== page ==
Bryan Wells

Best foot forward – from redundancy to a shoe business

When Redcar Steelworks, one of the UK’s biggest steelmaking plants, stopped production after nearly 100 years 1,700 people were left unemployed. Bryan Wells was one of them but with support from his union Community and an organisation that helps small businesses he has set up his own business.

“Everyone was in complete disbelief,” says Bryan. “To turn up to work one day and to be told don’t come back tomorrow was a shock. We expected to have a job until we decided to leave or retire.”

Bryan worked as a contractor on the site and the contracting company said as there was no more work coming in they no longer had jobs, even though the company was still running. Bryan says: “The union was outraged and jumped into action and said we should be getting a proper payout.”

Bryan and the other contractors received insurance against loss of earnings and loss of future earnings.“The union came up trumps for us,” he adds.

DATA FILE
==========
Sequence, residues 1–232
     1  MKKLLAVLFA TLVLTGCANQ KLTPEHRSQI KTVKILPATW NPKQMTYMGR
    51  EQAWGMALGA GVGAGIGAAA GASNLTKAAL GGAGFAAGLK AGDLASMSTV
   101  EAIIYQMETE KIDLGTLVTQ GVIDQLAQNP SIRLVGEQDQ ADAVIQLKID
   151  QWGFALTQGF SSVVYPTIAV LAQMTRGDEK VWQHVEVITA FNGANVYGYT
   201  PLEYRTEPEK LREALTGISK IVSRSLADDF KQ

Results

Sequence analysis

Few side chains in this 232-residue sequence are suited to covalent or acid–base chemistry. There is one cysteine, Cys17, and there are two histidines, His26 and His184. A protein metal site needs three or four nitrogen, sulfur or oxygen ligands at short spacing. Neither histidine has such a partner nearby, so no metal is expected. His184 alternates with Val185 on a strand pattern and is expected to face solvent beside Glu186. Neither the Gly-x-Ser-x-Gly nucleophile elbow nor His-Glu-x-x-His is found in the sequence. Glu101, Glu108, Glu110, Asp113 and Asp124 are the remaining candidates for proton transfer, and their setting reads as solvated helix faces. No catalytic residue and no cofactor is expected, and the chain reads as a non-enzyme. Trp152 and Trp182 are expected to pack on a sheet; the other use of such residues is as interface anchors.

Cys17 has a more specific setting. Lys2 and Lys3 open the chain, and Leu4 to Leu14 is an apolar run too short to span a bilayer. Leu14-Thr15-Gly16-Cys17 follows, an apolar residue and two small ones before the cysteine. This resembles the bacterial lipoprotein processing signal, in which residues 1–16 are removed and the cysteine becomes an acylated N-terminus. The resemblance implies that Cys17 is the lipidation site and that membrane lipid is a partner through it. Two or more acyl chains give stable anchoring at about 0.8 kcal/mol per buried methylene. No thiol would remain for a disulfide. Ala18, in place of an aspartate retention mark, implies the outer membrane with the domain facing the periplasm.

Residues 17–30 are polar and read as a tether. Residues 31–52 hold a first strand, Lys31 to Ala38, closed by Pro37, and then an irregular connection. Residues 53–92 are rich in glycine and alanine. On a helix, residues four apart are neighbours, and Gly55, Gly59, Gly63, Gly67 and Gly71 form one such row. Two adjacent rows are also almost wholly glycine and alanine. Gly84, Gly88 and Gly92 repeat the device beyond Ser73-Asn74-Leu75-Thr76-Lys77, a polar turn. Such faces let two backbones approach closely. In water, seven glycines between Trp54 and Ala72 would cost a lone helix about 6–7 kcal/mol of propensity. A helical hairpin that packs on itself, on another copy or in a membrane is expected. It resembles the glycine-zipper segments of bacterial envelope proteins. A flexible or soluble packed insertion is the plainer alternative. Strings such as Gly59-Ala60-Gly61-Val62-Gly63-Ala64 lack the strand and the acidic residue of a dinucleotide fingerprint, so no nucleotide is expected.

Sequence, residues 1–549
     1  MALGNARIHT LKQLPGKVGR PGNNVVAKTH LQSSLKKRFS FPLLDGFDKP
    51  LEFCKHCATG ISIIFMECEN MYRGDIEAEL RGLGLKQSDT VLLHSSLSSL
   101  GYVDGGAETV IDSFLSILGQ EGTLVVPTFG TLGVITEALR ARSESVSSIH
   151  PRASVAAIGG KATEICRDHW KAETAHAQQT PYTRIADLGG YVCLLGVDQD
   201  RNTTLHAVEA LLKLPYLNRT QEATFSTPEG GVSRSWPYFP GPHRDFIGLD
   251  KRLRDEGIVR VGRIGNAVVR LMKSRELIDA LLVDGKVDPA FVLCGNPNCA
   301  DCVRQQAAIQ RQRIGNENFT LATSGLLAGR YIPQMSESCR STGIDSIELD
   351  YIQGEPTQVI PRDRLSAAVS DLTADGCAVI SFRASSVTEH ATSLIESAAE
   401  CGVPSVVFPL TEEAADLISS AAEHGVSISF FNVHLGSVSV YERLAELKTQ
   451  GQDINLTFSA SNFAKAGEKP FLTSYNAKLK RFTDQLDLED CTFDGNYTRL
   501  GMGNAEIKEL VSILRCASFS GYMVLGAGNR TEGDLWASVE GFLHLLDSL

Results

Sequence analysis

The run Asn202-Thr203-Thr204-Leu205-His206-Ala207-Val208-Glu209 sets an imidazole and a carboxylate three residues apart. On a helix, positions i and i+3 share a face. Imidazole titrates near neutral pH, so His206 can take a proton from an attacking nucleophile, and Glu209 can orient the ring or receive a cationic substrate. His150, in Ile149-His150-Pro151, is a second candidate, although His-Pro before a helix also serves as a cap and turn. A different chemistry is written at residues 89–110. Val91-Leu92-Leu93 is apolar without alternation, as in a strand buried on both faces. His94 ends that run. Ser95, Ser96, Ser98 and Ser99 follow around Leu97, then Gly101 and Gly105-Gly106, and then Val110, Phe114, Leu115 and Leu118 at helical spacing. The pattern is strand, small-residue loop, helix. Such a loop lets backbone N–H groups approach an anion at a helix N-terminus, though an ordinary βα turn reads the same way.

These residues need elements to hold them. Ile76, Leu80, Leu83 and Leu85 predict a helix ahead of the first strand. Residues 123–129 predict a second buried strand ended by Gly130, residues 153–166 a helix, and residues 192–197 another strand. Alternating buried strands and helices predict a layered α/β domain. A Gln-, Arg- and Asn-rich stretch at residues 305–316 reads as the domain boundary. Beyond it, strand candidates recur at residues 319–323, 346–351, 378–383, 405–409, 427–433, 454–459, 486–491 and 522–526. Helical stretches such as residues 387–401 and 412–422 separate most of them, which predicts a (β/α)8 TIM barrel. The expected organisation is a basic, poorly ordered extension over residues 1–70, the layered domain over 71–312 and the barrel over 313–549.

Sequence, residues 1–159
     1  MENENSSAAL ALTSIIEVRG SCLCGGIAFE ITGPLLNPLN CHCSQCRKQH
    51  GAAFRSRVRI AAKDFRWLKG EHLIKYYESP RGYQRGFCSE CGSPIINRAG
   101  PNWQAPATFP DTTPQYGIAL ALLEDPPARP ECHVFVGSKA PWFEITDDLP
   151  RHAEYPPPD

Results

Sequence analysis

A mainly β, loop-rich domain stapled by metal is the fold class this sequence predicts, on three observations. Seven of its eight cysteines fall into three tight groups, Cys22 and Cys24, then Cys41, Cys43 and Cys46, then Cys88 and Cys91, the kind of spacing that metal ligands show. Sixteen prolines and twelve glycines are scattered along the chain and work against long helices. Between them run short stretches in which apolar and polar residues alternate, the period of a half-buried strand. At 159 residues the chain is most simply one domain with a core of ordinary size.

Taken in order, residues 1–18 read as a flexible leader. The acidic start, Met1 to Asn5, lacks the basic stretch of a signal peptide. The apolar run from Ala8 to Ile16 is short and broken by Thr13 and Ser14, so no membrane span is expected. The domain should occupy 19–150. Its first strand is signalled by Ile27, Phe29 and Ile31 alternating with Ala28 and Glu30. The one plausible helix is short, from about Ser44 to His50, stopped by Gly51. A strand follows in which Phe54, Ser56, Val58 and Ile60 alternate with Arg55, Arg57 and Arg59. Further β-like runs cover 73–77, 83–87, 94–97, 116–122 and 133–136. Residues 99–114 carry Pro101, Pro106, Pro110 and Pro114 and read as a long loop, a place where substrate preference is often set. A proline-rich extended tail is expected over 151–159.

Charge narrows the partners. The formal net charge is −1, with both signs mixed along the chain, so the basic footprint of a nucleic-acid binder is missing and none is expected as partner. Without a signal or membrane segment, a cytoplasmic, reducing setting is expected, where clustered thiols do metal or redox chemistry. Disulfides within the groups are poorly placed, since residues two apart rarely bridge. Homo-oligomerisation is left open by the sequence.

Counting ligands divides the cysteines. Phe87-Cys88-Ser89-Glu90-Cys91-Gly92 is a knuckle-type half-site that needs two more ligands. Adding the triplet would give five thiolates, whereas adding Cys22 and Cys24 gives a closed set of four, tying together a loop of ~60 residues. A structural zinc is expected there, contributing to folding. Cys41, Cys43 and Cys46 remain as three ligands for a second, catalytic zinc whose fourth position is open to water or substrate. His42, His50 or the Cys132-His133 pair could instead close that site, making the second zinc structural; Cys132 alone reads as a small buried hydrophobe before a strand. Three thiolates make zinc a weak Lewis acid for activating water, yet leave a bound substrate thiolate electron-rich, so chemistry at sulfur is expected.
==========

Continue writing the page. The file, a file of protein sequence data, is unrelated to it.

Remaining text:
Through Community,Bryan heard that the SSI Task Force [set up to support workers and families affected by the closure] was awarding up to £10,000 for people who wanted to start their own business. “I had been working with my dad’s shoe repair business for years on my days off from the steel works. My dad was planning to retire, so I applied for funding to take over the business,” explains Bryan.

A not-for-profit organisation called Enterprise Revolutionhelpedhim to develop a business plan and to make an application to the SSI Task Force. He was one of only three people to receive the full £10,000. The money has helped him to upgrade the business premises.

It’s been a culture shock for Bryan who was a postman for seven years before working at the steel plant. “For the first time in 30 years, I’m working inside by myself. It takes getting used to when you worked with40 or 50 people on a shift. But I can’t complain. I’m one of the lucky ones.”

The people who worked directly for SSI Redcar only received statutory payouts from the government. Bryan says: “There was fear for a lot of people, especially those who had been there for 30–40 years. The steel works is all they knew. Sadly, there’s no call for a shovel driver in their 50s in this area so people have had to travel to find work.”